“Americans are spending inordinate amounts of time flinging angry birds, crushing candy, and finding numerical patterns on their mobile phones,” begins a commentary by Mike Shields. “In other words, mobile gaming is exploding. So are mobile games destined to become the next great ad medium?”
Shields’ essay at the Wall Street Journal blog discusses the burgeoning interest in melding mobile games with mobile advertising.
“Talk to executives from both the online ad industry and the mobile gaming sector and you’ll find opinions are sharply divided on this issue,” Shields notes. “You’ll hear sentiments ranging from ‘this is the future of advertising’ to ‘this is never going to happen.’”
Anyone who has watched ads recently knows that Google is pushing mobile games big time. Shields has seen them, too.
“Google, at least, seems to believe there is potential in mobile game advertising,” he says. “The company is building out a technical infrastructure aimed at establishing a standard ad product for the burgeoning medium, hoping to attract big advertisers, say people familiar with the matter.”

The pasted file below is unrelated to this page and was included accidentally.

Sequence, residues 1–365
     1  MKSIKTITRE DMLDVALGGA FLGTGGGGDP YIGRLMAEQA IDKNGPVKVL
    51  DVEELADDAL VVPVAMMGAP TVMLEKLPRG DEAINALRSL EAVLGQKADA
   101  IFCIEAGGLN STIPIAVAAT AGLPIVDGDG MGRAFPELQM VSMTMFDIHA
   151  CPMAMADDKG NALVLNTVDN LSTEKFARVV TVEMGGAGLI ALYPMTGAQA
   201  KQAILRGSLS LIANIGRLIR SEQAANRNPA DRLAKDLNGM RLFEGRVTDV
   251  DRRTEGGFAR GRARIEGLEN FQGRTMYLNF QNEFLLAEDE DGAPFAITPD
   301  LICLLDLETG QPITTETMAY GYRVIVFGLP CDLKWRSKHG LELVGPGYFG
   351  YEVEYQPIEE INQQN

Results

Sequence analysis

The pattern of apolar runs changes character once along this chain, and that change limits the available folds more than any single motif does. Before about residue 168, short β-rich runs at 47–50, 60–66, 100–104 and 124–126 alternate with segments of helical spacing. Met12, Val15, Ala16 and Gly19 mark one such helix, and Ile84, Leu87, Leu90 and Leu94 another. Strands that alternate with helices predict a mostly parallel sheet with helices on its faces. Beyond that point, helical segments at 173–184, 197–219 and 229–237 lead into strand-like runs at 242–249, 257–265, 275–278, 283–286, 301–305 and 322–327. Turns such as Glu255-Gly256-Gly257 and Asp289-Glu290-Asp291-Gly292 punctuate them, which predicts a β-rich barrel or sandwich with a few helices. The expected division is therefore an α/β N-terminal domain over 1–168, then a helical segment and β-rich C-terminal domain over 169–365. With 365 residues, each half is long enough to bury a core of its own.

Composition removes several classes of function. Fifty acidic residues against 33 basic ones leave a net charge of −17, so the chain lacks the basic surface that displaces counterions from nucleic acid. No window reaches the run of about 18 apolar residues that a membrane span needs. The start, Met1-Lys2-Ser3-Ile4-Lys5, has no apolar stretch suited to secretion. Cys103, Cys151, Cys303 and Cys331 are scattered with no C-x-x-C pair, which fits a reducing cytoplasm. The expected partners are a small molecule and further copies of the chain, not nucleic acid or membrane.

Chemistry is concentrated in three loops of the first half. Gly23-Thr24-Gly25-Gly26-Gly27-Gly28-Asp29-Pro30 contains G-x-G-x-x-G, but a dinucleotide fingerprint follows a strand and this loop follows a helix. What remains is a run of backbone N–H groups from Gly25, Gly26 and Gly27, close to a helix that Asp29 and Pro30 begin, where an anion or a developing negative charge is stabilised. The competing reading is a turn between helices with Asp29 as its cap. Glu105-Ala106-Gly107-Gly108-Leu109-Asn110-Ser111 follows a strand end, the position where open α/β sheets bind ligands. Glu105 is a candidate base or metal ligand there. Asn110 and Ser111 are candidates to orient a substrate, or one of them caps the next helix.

Shields thinks he knows why.
“Why would Google bother? Consider this data: comScore says that over half of the total time spent with digital media is being spent with apps,” Shields writes. “And 32 percent of time spent with apps is spent on gaming, according to an April report from the mobile analytics firm Flurry, which Yahoo recently agreed to acquire. What is more, both of those numbers are headed upward. And advertisers follow eyeballs (or thumbswipes in this case), right?”
What about those mutually exclusive takes on the future of the mobile games venue as a medium for marketers? Shields notes that Greg March (CEO of digital agency Ikon3) believes the games arena could “offer advertisers a chance to reboot the online ad model,” while Chris DeWolfe (CEO of SGN, a social gaming company and a former MySpace executive) “takes a diametrically opposing viewpoint.”
“I’m not bullish on ads in mobile games,” DeWolfe says. “Game developers make so much money on virtual goods, that they fiercely protect the user experience. I think you’re seeing the same attitudes with other top grossing game developers.”
Shields admits that “gaming industry veterans note that the vast majority of mobile game players decline to spend any money in these games, meaning that most games make money from a small percentage of their audiences.”
Marketing manna in the mobile games marketplace?
“You have to figure out how to monetize the other 90 percent of your audience,” says Lisa Marino, CEO of the mobile gaming company RockYou.
The essay has more valuable information and debate, including conversation about the dearth of big brands using mobile game apps.
It’s a must-read. Click here to check it out for yourself.